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Quebec Referendum Forty Years Later

Rene

Video RCI

Today, May 20, 2020, marks the fortieth anniversary of the first referendum in the Canadian province of Quebec. I recall casting my vote on that day at the school across from our home. It was, much like today, a beautiful sunny spring day.

… were those who wanted to begin the process of establishing an independent Quebec, outside of the Canadian federation, and would vote Oui

The details of the vote have been well documented so I will not bore you with minutia. Suffice to say the two sides of the issue were those who wanted to begin the process of establishing an independent Quebec, outside of the Canadian federation, and would vote Oui; and federalists who wanted things to remain as they were, and would, therefore, vote Non.

The question itself generated much debate as it was nothing if not convoluted. The lengthy question and results are below. It was a decisive 60-40 victory for the Federalist side.

The Oui side, led by then Quebec Premier René Lévesque was devastated by the margin of defeat. Many of them gathered in an east-end arena for what they hoped would be a victory party. Sadly there were many tears, but none of joy. The room was smoky and hot, emotions were running high. Forty percent of voters’ dream had been quashed, at least for the time being.

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While I never agreed with his sovereigntist position, I was a great admirer of Lévesque. His command of the English language was better than most mother-tongue English speakers. He had been a much-respected war correspondent prior to entering politics.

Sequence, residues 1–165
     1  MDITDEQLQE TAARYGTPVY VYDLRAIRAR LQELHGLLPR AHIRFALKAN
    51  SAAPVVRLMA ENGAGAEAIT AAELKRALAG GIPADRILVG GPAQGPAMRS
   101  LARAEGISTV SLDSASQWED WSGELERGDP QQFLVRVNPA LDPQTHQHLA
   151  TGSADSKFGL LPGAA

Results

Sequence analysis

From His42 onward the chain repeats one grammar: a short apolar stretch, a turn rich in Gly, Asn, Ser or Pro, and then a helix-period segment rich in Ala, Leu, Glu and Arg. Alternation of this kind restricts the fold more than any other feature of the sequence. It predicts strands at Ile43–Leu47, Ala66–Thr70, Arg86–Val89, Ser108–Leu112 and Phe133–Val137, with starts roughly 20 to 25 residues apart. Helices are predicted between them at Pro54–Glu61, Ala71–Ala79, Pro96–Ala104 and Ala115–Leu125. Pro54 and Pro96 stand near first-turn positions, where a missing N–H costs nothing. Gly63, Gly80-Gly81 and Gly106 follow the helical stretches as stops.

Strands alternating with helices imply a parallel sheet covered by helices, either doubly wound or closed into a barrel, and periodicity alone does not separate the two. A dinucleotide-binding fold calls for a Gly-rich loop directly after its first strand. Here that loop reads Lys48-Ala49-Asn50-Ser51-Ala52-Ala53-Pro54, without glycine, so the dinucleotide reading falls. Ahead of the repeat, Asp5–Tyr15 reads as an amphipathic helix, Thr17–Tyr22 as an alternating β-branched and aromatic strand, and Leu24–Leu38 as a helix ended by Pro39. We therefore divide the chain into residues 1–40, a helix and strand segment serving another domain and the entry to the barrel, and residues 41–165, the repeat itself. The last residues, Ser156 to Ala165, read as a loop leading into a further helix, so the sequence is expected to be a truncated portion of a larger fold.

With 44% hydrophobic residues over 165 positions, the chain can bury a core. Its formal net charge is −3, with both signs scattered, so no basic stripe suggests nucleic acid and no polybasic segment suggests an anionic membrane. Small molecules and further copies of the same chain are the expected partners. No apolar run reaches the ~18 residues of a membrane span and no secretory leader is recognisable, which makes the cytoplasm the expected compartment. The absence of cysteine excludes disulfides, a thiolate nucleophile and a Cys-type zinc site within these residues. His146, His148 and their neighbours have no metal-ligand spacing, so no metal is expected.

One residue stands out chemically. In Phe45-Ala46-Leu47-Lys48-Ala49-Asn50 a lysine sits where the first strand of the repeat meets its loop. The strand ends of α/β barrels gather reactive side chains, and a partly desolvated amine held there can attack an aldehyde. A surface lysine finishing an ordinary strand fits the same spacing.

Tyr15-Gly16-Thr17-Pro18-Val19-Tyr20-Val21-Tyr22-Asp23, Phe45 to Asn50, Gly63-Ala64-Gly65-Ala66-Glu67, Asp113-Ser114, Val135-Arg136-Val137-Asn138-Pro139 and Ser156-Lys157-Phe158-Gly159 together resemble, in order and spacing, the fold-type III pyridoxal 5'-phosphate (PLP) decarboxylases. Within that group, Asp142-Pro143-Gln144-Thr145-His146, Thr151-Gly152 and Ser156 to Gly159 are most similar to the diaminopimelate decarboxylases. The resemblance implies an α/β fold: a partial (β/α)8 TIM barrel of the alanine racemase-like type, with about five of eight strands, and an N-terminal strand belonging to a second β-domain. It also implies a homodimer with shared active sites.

On the night of the referendum, when he made his way across the stage to the microphone to address an impassioned group of Oui voters who had just learned of their loss, he could have, with the wrong words, ignited a volatile situation.

But he controlled a very volatile situation by reassuring those present that this was not the end of their dream. Just a delay. That’s responsible leadership at its best

But instead, Lévesque, all five and a half feet in stature, stood tall at the microphone and said Si j’ai bien compris, vous êtes en train de me dire: à la prochaine fois. (My dear friends, if I understand you correctly, you’re saying: ‘until next time.)

A lesser man would have worked up the emotional crowd and sent them off to do God only knows what. But he controlled a very volatile situation by reassuring those present that this was not the end of their dream. Just a delay. That’s responsible leadership at its best.

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COVID-19, DCMontreal Commentary, DCMontreal Light, Health, Montreal, News, Opinion, Teaching

COVID-19 Schools and Winter Tires

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GlobalTV